funny i do music in my dining room on my laptop when i want a different perspective i put on my hifi speakers its weird like im listening to my speakers even though i have headphones on if you want to get experimental you can put it on a bus or master to give it texture but that doesnt work with modern music.
It's 2018, and I still find myself reaching for this plugin (or its successor, Bionic Supa Delay) whenever I want something a bit more interesting that a bog-standard delay. I think it's safe to say this is my favourite free delay plugin by miles, and one of my favourite delays in general.
I don't use it much for standard delays - it's a bit wasted on that. What I love about Bionic Delay is its sound (it's a flavour delay for sure) and its interface. The interface is really well laid out, and dialling in your delay settings is child's play. There's the usual stereo tape delay settings you'd expect, with different (note-based) delay times to choose from, a ping pong mode, flutter etc. There are also handy low and high cut filters to help shape the sound of your delay.
While the delay settings are note-based, i.e. eighths etc., you can actually set the delay to other times as well using the groove knobs at the top. But really, IMO this thing shines when you want the tempo-synced delay effect. If anything, I use these options to create triplets/dotted delays, or very minor adjustments for the R and L channels so they aren't quite in sync. If I want a time based (rather than tempo-based) delay, I'll probably look elsewhere.
I recently made a dub tune, and Bionic Delay is all over that track. It's absolutely made for this kind of music, and the updated Supa Delay was developed together with dub producer Russ D. In the context of dub, it works great on anything and everything. Drums, sax, sirens etc. The key is obviously to automate the feedback.
And automating the feedback brings me to my other favourite use of Bionic Delay: it's brilliant for transitional effects. Great if you want one word of the vocal to ring out into the next section, for example. Automating the other parameters (e.g. play with the speed) also gives you nice effects that may or may not suit your track. It's worth experimenting. While I generally use this on vocals, it also works very well on impact sounds or anything else you want to sound big and filling up the room and with a lot of movement.
Downsides? Yes, there is at least one bigger issue. I don't know if it's my host (FL Studio), but Bionic Delay doesn't clear its buffers when you stop playing the track. It keeps the delay buffer stored and then plays it the next time you start the track, irrespective of where you are in the song. This is a particular problem when rendering tracks. There's often a burst of delayed sound at the start of every render. I generally leave a few empty bars at the start to deal with this. But if the feedback settings are high, the delay can actually continue to get louder and play over the entire render. Can be a bit of a bummer...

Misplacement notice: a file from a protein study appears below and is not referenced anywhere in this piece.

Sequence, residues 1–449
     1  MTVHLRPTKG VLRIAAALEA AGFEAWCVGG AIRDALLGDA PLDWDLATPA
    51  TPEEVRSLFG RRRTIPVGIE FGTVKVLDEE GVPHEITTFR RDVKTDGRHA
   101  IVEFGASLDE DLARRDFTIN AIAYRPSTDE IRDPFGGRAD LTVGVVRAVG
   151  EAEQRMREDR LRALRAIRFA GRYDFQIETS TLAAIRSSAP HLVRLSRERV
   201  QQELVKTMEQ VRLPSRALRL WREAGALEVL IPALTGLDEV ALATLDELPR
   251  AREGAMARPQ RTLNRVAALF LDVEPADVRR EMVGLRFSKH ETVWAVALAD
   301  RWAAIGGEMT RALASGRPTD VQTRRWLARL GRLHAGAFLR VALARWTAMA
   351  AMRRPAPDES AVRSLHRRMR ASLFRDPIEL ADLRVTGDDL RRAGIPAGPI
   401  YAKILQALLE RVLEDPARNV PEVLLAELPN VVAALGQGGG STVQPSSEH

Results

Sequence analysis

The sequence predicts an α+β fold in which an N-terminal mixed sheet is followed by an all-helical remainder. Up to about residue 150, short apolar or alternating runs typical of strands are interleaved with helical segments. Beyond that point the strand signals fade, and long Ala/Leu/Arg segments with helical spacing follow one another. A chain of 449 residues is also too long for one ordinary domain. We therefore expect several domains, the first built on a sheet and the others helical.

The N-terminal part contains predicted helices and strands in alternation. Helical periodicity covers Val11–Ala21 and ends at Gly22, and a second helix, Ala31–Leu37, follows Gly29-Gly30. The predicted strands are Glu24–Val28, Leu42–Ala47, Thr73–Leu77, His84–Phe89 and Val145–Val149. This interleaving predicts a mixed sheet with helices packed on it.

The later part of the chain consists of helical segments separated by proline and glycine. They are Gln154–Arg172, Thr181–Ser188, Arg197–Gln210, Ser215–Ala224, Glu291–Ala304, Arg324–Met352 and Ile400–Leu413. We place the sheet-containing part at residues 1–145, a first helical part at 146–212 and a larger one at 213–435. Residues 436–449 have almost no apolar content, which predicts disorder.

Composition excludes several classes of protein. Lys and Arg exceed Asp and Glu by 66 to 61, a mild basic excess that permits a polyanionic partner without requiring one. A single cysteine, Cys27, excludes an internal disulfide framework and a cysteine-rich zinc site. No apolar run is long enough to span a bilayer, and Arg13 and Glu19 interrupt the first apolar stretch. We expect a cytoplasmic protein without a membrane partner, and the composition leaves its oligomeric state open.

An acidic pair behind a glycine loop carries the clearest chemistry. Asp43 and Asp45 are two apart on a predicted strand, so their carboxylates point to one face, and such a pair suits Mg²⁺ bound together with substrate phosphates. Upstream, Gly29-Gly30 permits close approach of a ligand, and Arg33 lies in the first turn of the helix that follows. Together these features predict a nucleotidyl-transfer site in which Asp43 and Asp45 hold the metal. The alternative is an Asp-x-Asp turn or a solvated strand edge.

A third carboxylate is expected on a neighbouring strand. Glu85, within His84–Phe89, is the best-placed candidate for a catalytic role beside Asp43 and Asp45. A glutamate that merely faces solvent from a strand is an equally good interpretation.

It's also a SynthEdit plugin, which may mean you'll furl your nose and say no thanks. That also means 32-bit only, but bridging seems to work fine for me.
All in all it's a great plugin, albeit best used for particular applications rather than a bread and butter delay. I was very happy to make a donation for Supa Delay.
I own lots of compressor plugins. Vintage emulations, modern "transparent" compressors, you name it. Some of them are extremely expensive. This is my favorite.
It's my favorite because I can almost always get it to do exactly what I want (where "what I want" is everything from smooth, invisible bus compression to transient shaping). You can tweak it to death. You can set the big four and forget it. You can run it clean. You can give it some analog vibe. You can abuse your CPU with it. You can run it efficiently. If you are insisting on the sound of some particular piece of gear, it's probably not the right thing, but on the other hand, if you know what you're doing, you can probably get it to sound like anything. In terms of parameters, expert mode is up in the same stratosphere as other "build your own compressor" plugs like U-he's Presswerk and (almost) DMG Compassion, but for way less money.
It's really a kind of DSP masterpiece, and it's insanely cheap. But don't be fooled. It is not good "for the money." It is an outstanding piece of software, full stop.
Cubase was an early girlfriend, then I fooled around with others but when life got serious, I married her.
I'm thrilled about the changes Steinberg has been introducing since 7.5.
Cubase has the best MIDI routing on the market and an amazing interface for mixing. It took a few updates and support tickets to get it rock solid but now my Cubase Artist 8 is a fortress. Thanks and keep it up Steinberg.
only if it works... the UI crashes randomly, presets are not saved/loaded correctly and sometimes it stops giving sound without any error messages. When you write to support, Mr "Synthogy Tech Support" keeps telling you that it must be a bug in your operating system or the way you are using it.
Using Windows 7 x64 here, without any issues with most of my other plugins.